What’s the average down payment on a house?

By Shelley Sines

November 2019

How much money should you put down on a home you’re looking to purchase? While the answer varies from person to person depending on the house you want to buy and your other priorities, the average down payment on a house is probably smaller than you think.

The 20% down payment myth

When financing a home, many Americans consider a 20% down payment to be the “normal” amount of money to put down in order to qualify for a conventional mortgage loan. And yet, most people don’t put 20% down on a home – not even close. 

According to NerdWallet, “The 20% Mortgage Down Payment Is Dead,” especially for first-time homebuyers. For buyers 28 years old and younger who financed their home purchases, the median down payment was just 6%, according to a 2019 survey by the National Association of Realtors® (NAR). The median down payment for all buyers was 13%. 

After all, it can be difficult for first-time homebuyers to come up with a “full” 20% mortgage loan down payment. In fact, those who think they need a 20% down payment on a house and believe they can’t save up enough money might stay out of the housing market altogether. And many would-be first-time homebuyers prioritize their student loan debt over saving money to come up with a hefty down payment on a home.

Minimum down payment

When it comes down to it, the dollar amount you need to save will depend on the house you want to buy, as well as your other debt obligations and priorities. The minimum down payment for a house also depends on the type of loan and the lender’s requirements. Conventional loans (which are loans that aren’t guaranteed by the federal government) can have down payments as low as 3% for qualified buyers.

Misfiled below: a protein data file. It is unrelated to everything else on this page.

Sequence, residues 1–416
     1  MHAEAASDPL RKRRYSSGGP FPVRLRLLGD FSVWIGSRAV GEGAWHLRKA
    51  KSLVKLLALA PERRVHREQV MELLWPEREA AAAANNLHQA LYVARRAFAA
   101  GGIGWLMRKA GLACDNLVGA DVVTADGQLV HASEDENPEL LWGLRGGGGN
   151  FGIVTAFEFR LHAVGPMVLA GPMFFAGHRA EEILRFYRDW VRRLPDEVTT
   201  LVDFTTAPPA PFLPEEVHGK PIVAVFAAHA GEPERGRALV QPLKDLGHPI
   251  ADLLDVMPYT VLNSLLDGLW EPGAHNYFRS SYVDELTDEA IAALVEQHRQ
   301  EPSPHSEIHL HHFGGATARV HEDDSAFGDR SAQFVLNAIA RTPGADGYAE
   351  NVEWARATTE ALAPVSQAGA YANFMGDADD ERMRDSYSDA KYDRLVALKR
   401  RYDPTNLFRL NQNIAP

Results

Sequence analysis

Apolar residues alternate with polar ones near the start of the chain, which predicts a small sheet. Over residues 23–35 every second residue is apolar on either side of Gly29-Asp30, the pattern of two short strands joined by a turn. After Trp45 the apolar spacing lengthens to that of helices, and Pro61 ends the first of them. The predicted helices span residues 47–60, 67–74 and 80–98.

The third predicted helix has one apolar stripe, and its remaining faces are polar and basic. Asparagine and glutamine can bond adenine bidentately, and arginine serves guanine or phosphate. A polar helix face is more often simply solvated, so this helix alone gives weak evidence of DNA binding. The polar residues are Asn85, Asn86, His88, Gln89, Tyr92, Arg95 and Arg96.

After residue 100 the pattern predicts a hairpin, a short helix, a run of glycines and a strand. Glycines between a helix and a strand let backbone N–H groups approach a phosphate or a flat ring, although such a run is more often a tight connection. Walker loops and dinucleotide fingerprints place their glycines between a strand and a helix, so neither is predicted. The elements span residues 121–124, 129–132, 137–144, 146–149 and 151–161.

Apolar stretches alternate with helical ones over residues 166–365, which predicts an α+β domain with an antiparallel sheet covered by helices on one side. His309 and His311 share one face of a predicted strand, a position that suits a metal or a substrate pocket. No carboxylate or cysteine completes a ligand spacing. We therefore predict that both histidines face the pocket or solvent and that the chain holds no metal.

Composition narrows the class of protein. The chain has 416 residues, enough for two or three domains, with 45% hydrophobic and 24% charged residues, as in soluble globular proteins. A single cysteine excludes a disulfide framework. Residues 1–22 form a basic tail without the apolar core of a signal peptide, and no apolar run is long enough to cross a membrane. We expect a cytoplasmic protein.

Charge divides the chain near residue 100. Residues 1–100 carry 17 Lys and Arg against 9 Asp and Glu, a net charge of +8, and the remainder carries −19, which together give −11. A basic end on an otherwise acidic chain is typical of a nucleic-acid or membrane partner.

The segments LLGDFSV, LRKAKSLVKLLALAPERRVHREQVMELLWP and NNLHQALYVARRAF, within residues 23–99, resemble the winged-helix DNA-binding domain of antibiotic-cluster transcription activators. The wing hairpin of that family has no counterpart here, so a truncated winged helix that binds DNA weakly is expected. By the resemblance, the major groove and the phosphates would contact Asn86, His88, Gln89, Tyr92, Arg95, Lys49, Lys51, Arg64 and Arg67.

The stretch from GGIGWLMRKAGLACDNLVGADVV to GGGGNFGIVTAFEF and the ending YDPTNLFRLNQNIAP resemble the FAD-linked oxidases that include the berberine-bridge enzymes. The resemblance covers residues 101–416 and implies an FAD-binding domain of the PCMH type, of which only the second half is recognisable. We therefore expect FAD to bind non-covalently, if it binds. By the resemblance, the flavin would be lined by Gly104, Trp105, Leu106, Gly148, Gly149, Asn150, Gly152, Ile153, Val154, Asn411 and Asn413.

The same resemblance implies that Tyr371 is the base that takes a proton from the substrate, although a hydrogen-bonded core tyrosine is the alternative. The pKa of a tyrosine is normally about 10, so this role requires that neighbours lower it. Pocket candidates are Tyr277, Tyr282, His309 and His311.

I took a completely unscientific, unofficial survey of 5 of my good friends who are all in their early thirties and have bought single-family homes or condos in the past 10 years to find out their average down payment on a house. 4 of them put less than 10% down on their homes, with the average being 4% down (2 put 3% down; 2 put 5% down). The other friend put 10% down. 

Not one of them put a full 20% down on their homes. “I was relieved we only needed to put 5% down,” one friend told me. “I thought we’d need to wait a few years and save up more money. We ended up buying a house a lot sooner than we thought we could, and we even had a little money left in our savings account so we didn’t feel completely broke after closing.”

Top down payment sources

According to the NAR, top sources of the average down payment on a house for first-time homebuyers include:

  • Savings
  • Gift funds from relatives or friends
  • 401(k) funds, including a loan
  • Sale of stocks or bonds
  • Tax refunds
  • Inheritance

How much should you put down?

So how much money do YOU need to put down if you want to purchase a home? Our handy down payment calculator will give you an idea, especially if you’re considering buying anytime soon. Home loan rates are still pretty low, and real estate values are just starting to climb back up. It’s a great time to buy!

National Association of Realtors® is a registered trademark of the National Association of Realtors.

Weigh In

Readynest reviews all comments to ensure a respectful dialogue, so your comment may take a day to appear. We do not post inappropriate or abusive comments. Read our commenting policy

Shelley Sines has been writing for MGIC since she graduated from college in 2007. Currently raising a sweet little family with her husband in the suburbs of Milwaukee. Happiest when cooking or gardening. Competitive Scrabble player. Enthusiastic about road trips, wine, good TV.
We use cookies on this site to enhance your experience. By continuing to use this site you agree with our use of cookies.    Privacy Policy    accept